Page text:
Meanwhile, Turkey’s former treasury adviser Mahfi Egilmez published data on his personal website Tuesday suggesting the nation’s central bank net reserves, excluding swap lines, may have stood at a negative $13.4 billion at the end of April.

Calculations by Bloomberg also suggest Turkey’s net reserves may be in negative territory once swaps are removed after falling more than $15 billion to about $25 billion. Though the figures are unconfirmed, speculation persists over the depth of central bank resources available for regulators to mitigate ongoing pressure on the Turkish economy.

Regulators have also sought to bolster the economy by lowering borrowing costs to help companies and consumers refinance debt, encouraging banks to offer loans at more favorable rates. The measures spurred a 60% increase in lending over 13 weeks through April 24, with commercial and retail loans growing by 80% and 45%, respectively.

The impacts of such actions remain to be seen, but Eray Yucel, a professor of economics at Bilkent University in Ankara, said weaknesses in Turkey’s consumption-driven economy have been building up in recent years and are being exacerbated by the pandemic.

“The Turkish economy has taken an inward orientation, I believe, so we haven’t seen a soft landing,” Yucel told Al-Monitor. “We’ve seen many economic activities, which did not bring in foreign exchange, somehow erode reserves in proportion to GDP and other [metrics].” He added, “I believe the problems we see these days were embedded three or four years ago.”

Yet as the number of new COVID-19 cases and recorded deaths have declined in recent weeks, some positive signs have also begun to emerge for the local economy. Turkish Airlines announced Wednesday it planned to begin offering limited flights in June, while the Education Ministry signaled the nation’s schools may reopen June 1 if positive trends continue.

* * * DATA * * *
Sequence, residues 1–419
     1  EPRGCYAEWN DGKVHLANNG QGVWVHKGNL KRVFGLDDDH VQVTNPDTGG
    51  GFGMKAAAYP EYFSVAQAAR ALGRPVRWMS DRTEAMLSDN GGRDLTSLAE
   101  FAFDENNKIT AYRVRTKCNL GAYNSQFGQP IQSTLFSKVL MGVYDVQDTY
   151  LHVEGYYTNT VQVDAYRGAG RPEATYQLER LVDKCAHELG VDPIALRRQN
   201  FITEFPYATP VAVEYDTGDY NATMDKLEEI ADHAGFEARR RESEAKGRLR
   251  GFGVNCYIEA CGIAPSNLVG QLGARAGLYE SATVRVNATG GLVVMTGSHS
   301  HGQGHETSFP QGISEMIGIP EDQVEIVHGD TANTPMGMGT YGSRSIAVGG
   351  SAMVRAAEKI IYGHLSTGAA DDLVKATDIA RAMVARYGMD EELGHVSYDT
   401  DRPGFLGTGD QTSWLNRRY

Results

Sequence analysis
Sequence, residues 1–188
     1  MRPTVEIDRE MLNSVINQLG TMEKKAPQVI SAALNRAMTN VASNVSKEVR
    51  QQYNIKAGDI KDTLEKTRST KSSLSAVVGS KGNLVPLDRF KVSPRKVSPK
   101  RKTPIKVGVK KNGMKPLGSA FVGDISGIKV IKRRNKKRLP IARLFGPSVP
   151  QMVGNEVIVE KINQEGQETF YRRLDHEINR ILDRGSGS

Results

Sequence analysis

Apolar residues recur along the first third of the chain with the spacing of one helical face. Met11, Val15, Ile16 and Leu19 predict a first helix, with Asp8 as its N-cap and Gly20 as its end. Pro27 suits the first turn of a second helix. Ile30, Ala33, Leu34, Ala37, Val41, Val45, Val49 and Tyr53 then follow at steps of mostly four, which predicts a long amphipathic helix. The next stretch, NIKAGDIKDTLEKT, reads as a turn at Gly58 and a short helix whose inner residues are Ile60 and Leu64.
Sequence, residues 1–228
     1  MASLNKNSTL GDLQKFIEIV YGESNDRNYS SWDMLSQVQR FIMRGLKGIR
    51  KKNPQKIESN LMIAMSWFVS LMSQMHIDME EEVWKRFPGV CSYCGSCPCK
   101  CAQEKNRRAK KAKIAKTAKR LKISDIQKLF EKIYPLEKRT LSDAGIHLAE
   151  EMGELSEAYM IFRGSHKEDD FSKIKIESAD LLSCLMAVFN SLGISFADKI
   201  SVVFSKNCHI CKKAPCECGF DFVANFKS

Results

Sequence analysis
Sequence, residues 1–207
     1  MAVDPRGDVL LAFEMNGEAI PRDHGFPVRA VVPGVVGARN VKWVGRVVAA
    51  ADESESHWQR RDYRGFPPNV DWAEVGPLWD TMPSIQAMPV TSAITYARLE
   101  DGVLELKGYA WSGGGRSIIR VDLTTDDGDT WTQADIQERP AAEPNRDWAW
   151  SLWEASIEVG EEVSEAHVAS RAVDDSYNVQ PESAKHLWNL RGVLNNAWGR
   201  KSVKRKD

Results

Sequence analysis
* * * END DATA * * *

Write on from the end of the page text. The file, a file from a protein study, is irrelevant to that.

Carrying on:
Turkish Health Minister Fahrettin Koca said new coronavirus infections were falling steadily Wednesday, showing promising signs the pandemic was coming under control. To date, the country has reported 131,744 confirmed cases and 3,584 virus-linked deaths.

Still, Yucel said state regulators would need to seek out long-term solutions to rehabilitate the economy with interventions beyond short-term financing.

“I don’t believe the problems will be solved in the near future,” Yucel told Al-Monitor. “Some structural provisions will be needed, as I see it … especially the structure and coordination across the government, the central bank and other regulators.”

Though reports indicate the central bank is currently in discussions to open swap lines with foreign banks, including the US Federal Reserve, Yucel said the current fiscal policies would need to be reworked for long-term financial stability.

“Swap lines require consistent policy stances on the side of Turkish policy-makers,” Yucel told Al-Monitor. “In the absence of a [sound] stance, something consistent and well-studied, I believe swap lines alone won’t be the cure.”